Images could offer doctors a better assessment of patient's condition, chances of recovery
TUESDAY, Jan. 20 (HealthDay News) -- The first images of post-heart attack bleeding within the heart have been made by U.K. scientists using MRI scans.
The Imperial College London team said their research shows that the amount of bleeding can indicate the degree of damage caused by a heart attack. The use of this kind of imaging, along with other tests, could offer doctors a more complete assessment of a heart attack patient's condition and chances of recovery, they said.
The researchers analyzed MRI images of bleeding inside the hearts of 15 people who'd recently suffered a heart attack. They found an association between the amount of bleeding and the degree of heart muscle damage. Patients with substantial heart muscle damage had more bleeding into the heart muscle than those who had less heart muscle damage.
MRI can detect the degree of bleeding inside the heart due to the magnetic effects of iron in the blood, the researchers explained.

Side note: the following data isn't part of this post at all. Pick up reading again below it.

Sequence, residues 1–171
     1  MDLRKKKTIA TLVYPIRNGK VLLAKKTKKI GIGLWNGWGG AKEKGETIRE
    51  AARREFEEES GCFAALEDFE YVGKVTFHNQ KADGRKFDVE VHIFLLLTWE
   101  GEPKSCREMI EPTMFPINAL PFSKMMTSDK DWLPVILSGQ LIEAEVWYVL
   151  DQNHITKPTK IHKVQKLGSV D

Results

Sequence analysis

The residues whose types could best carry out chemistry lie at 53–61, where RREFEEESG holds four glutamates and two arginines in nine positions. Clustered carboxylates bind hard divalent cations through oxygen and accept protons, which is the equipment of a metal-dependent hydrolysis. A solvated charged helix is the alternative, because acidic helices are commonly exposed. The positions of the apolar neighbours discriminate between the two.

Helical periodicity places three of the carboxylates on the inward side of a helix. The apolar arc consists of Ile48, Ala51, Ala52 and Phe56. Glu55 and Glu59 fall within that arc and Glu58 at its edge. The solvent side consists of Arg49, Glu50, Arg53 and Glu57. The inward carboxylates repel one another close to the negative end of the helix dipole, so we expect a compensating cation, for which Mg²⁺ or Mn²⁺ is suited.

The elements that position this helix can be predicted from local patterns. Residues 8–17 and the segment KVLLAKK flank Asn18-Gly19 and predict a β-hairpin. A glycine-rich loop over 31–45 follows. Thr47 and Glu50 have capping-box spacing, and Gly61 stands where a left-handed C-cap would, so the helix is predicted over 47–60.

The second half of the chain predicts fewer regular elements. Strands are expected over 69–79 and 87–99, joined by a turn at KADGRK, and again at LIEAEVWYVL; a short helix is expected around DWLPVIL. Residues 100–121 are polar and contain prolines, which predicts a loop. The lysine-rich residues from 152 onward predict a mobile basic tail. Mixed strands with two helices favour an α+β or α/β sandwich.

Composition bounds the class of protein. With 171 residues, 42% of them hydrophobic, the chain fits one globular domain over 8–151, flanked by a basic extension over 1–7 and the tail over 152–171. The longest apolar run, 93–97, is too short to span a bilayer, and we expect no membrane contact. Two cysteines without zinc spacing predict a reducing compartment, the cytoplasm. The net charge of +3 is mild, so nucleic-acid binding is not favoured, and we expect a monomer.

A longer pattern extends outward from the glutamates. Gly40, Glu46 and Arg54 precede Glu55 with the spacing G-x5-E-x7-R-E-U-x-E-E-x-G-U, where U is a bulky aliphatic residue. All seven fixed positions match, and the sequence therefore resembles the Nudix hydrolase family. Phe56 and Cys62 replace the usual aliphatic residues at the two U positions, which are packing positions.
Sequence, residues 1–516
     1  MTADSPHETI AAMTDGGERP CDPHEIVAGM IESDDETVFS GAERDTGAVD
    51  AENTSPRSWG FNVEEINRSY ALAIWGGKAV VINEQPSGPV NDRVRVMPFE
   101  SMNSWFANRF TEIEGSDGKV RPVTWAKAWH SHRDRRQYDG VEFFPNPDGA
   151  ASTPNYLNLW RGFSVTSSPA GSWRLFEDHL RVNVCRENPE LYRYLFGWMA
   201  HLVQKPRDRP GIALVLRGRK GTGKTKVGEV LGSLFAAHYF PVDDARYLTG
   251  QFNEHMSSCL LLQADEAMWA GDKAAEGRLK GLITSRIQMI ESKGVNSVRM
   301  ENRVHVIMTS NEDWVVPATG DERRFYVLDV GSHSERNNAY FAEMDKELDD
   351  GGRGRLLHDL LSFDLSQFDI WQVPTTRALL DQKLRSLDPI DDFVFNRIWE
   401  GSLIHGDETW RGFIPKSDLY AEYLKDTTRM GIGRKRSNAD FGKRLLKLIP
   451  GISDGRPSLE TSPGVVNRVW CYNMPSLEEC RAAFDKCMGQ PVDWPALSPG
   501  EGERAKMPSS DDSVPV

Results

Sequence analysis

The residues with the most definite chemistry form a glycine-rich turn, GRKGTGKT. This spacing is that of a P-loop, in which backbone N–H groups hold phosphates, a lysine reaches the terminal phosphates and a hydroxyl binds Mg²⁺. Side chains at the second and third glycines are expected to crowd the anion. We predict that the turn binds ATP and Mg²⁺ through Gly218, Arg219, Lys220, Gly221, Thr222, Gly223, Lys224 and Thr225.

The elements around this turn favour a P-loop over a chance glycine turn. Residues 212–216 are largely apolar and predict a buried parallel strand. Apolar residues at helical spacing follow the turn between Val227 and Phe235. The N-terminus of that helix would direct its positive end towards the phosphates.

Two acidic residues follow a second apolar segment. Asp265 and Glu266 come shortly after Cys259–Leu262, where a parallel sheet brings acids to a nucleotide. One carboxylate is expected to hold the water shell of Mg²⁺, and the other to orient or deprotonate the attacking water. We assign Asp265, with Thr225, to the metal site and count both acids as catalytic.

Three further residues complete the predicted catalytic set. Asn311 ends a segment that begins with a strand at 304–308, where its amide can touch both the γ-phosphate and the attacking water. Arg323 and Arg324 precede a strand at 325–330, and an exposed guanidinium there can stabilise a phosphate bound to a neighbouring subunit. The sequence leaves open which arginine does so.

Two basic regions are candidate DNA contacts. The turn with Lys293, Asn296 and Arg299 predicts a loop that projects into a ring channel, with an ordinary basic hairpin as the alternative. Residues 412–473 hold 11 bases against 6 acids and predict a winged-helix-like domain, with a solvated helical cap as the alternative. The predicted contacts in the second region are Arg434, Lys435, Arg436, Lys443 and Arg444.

"Our study gives us a new insight into the damage that heart attacks can cause," first and corresponding author Dr. Declan O'Regan said in an Imperial College London news release. "Using this new scanning technique shows us that patients who develop bleeding inside their damaged heart muscle have a much poorer chance of recovery. We hope that this will help us to identify which patients are at most risk of complications following their heart attack."
The study was published Jan. 19 in the journal Radiology.
"We still have a lot of unanswered questions about whether the bleeding itself may cause further damage to the heart muscle, and this is an area that needs further research," senior author Dr. Stuart Cook added in the news release. "The more we understand about what happens during and after a heart attack, the greater the chances are of scientists finding new ways to combat the damage that heart attacks cause."
The American Heart Association has more about heart attack.
-- Robert Preidt
SOURCE: Imperial College London, news release, Jan. 19, 2009
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